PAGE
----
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タイトル: Geological and Experimental Studies on Mechanism of Block Faulting.
その他のタイトル: 地塊運動の機構に関する地質学的実験的研究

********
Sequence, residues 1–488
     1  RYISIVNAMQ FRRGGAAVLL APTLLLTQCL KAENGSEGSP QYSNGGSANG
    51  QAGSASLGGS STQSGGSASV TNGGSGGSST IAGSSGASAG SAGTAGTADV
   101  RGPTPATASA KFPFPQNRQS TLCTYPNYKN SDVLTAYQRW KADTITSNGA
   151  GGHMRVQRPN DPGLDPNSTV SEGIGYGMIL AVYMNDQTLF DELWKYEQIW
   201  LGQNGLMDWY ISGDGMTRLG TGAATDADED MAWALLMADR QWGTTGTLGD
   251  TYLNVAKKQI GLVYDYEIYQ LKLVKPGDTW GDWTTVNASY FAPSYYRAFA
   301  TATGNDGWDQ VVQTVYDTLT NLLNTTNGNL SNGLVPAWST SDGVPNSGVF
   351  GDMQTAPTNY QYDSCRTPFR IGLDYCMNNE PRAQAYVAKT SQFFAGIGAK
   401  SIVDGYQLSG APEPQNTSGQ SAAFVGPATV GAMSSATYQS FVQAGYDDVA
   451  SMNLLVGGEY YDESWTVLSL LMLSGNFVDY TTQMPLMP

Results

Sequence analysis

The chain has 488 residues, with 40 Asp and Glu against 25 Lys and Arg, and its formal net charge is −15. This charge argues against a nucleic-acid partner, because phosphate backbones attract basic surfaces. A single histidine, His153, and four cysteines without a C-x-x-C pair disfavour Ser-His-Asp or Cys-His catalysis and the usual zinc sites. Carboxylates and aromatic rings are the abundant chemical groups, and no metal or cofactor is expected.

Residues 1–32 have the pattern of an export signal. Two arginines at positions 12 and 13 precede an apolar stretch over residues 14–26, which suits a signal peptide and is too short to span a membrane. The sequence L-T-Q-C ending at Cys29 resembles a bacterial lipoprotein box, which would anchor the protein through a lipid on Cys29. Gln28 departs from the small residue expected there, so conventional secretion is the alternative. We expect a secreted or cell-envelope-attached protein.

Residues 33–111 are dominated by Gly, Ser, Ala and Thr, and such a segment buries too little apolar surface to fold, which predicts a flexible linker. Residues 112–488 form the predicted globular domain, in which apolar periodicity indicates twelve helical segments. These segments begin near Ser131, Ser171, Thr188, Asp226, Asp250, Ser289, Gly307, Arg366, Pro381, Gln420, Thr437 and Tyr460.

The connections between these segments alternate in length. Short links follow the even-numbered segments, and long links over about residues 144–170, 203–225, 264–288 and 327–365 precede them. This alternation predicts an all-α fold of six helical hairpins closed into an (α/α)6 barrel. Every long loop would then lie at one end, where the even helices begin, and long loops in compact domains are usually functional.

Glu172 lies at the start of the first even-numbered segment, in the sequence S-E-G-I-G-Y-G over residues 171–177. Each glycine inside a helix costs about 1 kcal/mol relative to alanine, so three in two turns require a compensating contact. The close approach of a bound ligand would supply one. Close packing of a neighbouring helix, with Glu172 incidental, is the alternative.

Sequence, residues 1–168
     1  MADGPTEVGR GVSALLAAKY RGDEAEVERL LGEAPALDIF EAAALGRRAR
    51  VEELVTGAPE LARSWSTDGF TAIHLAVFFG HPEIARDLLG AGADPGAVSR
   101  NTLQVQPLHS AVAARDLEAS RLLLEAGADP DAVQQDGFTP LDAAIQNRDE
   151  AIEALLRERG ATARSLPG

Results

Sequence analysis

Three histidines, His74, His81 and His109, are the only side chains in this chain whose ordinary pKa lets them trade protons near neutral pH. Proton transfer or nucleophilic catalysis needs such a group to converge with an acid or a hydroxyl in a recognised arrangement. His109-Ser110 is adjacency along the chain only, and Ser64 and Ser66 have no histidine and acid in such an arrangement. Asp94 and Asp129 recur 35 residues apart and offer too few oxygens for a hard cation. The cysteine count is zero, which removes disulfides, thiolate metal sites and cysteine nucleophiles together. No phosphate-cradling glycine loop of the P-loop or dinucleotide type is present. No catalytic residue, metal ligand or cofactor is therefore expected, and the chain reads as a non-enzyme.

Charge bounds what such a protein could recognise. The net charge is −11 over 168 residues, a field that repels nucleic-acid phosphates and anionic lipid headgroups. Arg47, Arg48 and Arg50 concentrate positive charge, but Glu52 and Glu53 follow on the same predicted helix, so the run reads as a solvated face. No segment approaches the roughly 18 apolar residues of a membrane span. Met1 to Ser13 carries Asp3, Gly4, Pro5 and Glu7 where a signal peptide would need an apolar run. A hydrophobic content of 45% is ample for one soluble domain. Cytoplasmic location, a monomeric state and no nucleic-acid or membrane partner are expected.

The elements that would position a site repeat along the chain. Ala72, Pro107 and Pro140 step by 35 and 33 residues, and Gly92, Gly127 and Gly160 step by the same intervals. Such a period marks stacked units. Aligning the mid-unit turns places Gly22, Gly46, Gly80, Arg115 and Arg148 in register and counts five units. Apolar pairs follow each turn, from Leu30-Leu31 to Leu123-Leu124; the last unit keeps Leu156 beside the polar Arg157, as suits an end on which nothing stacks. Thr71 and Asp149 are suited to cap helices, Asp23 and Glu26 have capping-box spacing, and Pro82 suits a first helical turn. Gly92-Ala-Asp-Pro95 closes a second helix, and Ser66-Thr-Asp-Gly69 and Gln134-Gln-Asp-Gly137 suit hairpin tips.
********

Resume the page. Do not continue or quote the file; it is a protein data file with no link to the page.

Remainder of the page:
著者: 恒石, 幸正
著者(別言語): Tsuneishi, Yukimasa
発行日: 1978年8月15日
出版者: 東京大学地震研究所
掲載誌情報: 東京大学地震研究所彙報. 第53冊第1号, 1978.8.15, pp. 173-242